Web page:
Chapter 1 of Earl and Timperley’s edited book: Earl, L. M., & Timperley, H. (2009). understanding learning conversations Springer Netherlands.
p1: Schools that are able to take charge of change, rather than being controlled by it, have been shown to be more effective and improve more rapidly than ones that are not (Rosenholz, 1989; Stoll and Fink, 1996; Gray et al., 1999).
p1: having and using knowledge wisely is an essential skill
p2: conversations that are grounded in evidence and focused on learning from that evidence have considerable potential to influence what happens in schools and ultimately enhance the quality and the efficiency of student learning. We have also come to the conclusion that having conversations based on data in educational contexts is very hard to do. It is hard because productive use of evidence requires more than just adding data to the conversation; it involves a way of thinking and challenging ideas towards new knowledge.
p2: “activity traps” – moving quickly to doing, to being busy and to feeling productive, without sufficient attention to selecting the right things to do in the circumstances.
p2: significant change in schooling depends on the creation of new knowledge for the adults who are making the decisions… knowledge is created through dialogue or conversations that make presuppositions, ideas, beliefs and feelings explicit and available for exploration.
p3: Qualities of Productive Evidence-informed Conversations – it is an iterative process of asking questions, examining evidence and thinking about what the evidence means in the particular context.
p5: it is necessary to approach decision-making with an inquiry habit of mind (Earl and Katz, 2006) and a belief that improvements occur through engaging with the ideas of others and the evidence on which these ideas are based.
p5: Leaders with an inquiry habit of mind do not presume an outcome; instead they allow for a range of outcomes and keep searching for increased understanding and clarity.
p5: decisions that have far-reaching consequences or are high stakes deserve to be investigated thoroughly through the lenses of pertinent data, as a way of either validating hunches or rethinking ideas
p5: “aporia” – recognizing that you do not know and being determined to get increasing clarity and understanding
p8: All too often educational decisions are made using data that are available, rather than data that are appropriate.
p9: Evidence of all sorts provides the tools for measuring important educational concepts, but the evidence is only as good as the thinking that goes into the interpretation.
p9: While individual reflection can be a powerful process for identifying issues and the processes for improvement, if those reflections remain with the individual, patches of brilliance may result, but these patches are unlikely to become institutionalized beyond an individual teacher’s classroom or administrator’s responsibilities. If knowledge is to become more generic, it needs to be socially constructed by the key participants, the merits debated and the potential flaws exposed.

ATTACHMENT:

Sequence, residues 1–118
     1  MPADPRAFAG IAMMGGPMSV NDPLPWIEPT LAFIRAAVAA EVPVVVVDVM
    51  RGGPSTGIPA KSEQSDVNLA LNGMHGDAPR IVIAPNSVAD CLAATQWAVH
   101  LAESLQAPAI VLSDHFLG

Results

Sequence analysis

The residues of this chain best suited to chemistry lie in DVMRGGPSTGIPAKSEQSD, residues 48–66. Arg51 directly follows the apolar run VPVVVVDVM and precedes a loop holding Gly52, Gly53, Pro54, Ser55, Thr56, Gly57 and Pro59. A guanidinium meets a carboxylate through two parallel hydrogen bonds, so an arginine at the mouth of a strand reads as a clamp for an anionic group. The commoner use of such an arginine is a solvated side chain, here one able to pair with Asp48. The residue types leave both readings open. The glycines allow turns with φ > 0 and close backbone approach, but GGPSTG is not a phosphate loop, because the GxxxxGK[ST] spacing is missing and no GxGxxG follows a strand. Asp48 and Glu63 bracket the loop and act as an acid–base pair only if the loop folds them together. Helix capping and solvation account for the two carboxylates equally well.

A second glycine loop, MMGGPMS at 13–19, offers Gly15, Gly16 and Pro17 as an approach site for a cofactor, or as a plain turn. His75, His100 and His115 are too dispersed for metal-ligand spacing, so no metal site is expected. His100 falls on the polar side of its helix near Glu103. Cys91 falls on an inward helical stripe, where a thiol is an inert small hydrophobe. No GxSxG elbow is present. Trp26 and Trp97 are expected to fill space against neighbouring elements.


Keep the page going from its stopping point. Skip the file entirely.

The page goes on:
p10: Improvement does involve showing respect by taking the time to understand each others’ viewpoints because there are always many sides to a story, but the purpose is to probe meanings, challenge each others’ interpretations of the evidence and the reasoning on which the different viewpoints are based.
In this chapter entitled ‘Understanding how evidence and learning conversations work’ , Earl and Timperley note:
Conversations that are grounded in evidence and focused on learning from that evidence have considerable potential to influence what happens in schools and ultimately enhance the quality and the efficiency of student learning. We have also come to the conclusion that having conversations based on data in educational contexts is very hard to do. It is hard because productive use of evidence requires more than just adding data to the conversation; it involves a way of thinking and challenging ideas towards new knowledge. (2009, p.2)
They go on to outline what they believe are the qualities of productive evidence-informed conversations. Read this carefully and consider your own context and situation. This information about learning conversations might be a useful focus for you to discuss with your coaching/mentoring colleague(s), now or at a later stage of the process.
Come to Seminar 2 with having identified two or three qualities of learning conversations that interest you and that you feel you could develop in your situation. Be ready to discuss these and your plans for their development.
Learning conversations: socially constructing knowledge
- an inquiry habit of mind – “aporia”
- relevant data – available v appropriate / quality of interpretation
- respectful (but challenging) relationships
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